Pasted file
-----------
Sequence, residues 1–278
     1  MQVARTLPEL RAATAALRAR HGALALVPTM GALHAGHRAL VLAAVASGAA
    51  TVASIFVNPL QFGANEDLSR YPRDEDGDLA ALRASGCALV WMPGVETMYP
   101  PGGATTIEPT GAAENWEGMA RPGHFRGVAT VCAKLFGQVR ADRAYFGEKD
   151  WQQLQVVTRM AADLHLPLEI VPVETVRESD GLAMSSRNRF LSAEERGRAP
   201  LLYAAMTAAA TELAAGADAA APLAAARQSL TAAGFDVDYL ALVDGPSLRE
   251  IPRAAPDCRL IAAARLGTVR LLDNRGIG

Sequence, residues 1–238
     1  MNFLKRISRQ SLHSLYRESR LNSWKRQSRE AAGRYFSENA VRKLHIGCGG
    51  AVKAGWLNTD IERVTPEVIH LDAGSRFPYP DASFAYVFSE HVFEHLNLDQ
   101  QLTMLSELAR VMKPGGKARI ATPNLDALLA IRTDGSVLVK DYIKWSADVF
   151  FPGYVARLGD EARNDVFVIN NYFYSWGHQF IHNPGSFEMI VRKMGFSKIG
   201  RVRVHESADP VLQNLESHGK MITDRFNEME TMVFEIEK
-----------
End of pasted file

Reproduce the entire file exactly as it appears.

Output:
Sequence, residues 1–278
     1  MQVARTLPEL RAATAALRAR HGALALVPTM GALHAGHRAL VLAAVASGAA
    51  TVASIFVNPL QFGANEDLSR YPRDEDGDLA ALRASGCALV WMPGVETMYP
   101  PGGATTIEPT GAAENWEGMA RPGHFRGVAT VCAKLFGQVR ADRAYFGEKD
   151  WQQLQVVTRM AADLHLPLEI VPVETVRESD GLAMSSRNRF LSAEERGRAP
   201  LLYAAMTAAA TELAAGADAA APLAAARQSL TAAGFDVDYL ALVDGPSLRE
   251  IPRAAPDCRL IAAARLGTVR LLDNRGIG

Sequence, residues 1–238
     1  MNFLKRISRQ SLHSLYRESR LNSWKRQSRE AAGRYFSENA VRKLHIGCGG
    51  AVKAGWLNTD IERVTPEVIH LDAGSRFPYP DASFAYVFSE HVFEHLNLDQ
   101  QLTMLSELAR VMKPGGKARI ATPNLDALLA IRTDGSVLVK DYIKWSADVF
   151  FPGYVARLGD EARNDVFVIN NYFYSWGHQF IHNPGSFEMI VRKMGFSKIG
   201  RVRVHESADP VLQNLESHGK MITDRFNEME TMVFEIEK